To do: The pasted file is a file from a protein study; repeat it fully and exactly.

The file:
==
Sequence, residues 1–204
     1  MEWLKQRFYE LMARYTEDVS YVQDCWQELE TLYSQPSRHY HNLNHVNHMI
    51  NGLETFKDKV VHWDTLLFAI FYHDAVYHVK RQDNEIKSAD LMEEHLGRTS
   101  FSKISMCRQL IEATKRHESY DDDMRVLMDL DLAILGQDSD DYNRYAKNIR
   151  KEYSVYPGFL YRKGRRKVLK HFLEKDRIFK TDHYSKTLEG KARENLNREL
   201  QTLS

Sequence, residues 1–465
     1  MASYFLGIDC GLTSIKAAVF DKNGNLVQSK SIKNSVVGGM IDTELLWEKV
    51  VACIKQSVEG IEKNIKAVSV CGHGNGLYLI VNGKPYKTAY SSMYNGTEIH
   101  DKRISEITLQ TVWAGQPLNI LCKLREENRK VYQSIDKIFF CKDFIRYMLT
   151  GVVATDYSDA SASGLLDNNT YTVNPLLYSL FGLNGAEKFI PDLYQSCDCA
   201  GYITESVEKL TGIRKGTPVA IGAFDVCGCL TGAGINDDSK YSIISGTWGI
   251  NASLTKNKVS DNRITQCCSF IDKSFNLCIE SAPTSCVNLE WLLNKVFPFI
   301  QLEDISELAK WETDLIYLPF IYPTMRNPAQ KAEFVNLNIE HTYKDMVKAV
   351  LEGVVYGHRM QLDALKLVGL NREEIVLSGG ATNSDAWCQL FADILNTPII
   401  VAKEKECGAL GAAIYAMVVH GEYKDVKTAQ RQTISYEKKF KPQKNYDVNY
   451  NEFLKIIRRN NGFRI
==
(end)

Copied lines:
Sequence, residues 1–204
     1  MEWLKQRFYE LMARYTEDVS YVQDCWQELE TLYSQPSRHY HNLNHVNHMI
    51  NGLETFKDKV VHWDTLLFAI FYHDAVYHVK RQDNEIKSAD LMEEHLGRTS
   101  FSKISMCRQL IEATKRHESY DDDMRVLMDL DLAILGQDSD DYNRYAKNIR
   151  KEYSVYPGFL YRKGRRKVLK HFLEKDRIFK TDHYSKTLEG KARENLNREL
   201  QTLS

Sequence, residues 1–465
     1  MASYFLGIDC GLTSIKAAVF DKNGNLVQSK SIKNSVVGGM IDTELLWEKV
    51  VACIKQSVEG IEKNIKAVSV CGHGNGLYLI VNGKPYKTAY SSMYNGTEIH
   101  DKRISEITLQ TVWAGQPLNI LCKLREENRK VYQSIDKIFF CKDFIRYMLT
   151  GVVATDYSDA SASGLLDNNT YTVNPLLYSL FGLNGAEKFI PDLYQSCDCA
   201  GYITESVEKL TGIRKGTPVA IGAFDVCGCL TGAGINDDSK YSIISGTWGI
   251  NASLTKNKVS DNRITQCCSF IDKSFNLCIE SAPTSCVNLE WLLNKVFPFI
   301  QLEDISELAK WETDLIYLPF IYPTMRNPAQ KAEFVNLNIE HTYKDMVKAV
   351  LEGVVYGHRM QLDALKLVGL NREEIVLSGG ATNSDAWCQL FADILNTPII
   401  VAKEKECGAL GAAIYAMVVH GEYKDVKTAQ RQTISYEKKF KPQKNYDVNY
   451  NEFLKIIRRN NGFRI